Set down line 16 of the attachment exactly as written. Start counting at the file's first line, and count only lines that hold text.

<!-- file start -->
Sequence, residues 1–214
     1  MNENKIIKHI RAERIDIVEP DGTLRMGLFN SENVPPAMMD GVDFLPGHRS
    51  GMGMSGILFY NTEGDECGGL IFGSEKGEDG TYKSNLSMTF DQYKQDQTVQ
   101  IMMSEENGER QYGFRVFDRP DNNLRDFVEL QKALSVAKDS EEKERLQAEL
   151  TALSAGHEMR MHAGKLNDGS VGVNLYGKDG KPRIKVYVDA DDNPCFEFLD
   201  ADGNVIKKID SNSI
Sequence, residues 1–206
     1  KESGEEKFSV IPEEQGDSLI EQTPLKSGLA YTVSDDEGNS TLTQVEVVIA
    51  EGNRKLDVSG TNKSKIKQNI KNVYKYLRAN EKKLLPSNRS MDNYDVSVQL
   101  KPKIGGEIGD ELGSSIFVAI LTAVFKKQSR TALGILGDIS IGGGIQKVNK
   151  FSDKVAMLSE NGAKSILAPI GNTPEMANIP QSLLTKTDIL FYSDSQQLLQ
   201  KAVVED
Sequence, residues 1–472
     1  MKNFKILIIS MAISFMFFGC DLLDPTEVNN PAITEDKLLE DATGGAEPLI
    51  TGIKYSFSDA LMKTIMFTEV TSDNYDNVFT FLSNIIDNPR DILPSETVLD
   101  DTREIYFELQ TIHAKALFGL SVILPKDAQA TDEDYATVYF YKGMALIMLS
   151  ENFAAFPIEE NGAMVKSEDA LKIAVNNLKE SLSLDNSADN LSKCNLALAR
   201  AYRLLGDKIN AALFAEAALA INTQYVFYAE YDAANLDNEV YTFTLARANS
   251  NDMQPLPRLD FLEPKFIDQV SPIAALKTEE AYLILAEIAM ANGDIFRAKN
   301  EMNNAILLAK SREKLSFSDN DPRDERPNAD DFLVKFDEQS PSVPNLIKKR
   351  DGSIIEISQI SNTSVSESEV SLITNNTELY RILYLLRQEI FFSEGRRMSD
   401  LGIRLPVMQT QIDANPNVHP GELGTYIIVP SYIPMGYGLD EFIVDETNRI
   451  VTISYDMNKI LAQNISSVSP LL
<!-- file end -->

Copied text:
   101  DTREIYFELQ TIHAKALFGL SVILPKDAQA TDEDYATVYF YKGMALIMLS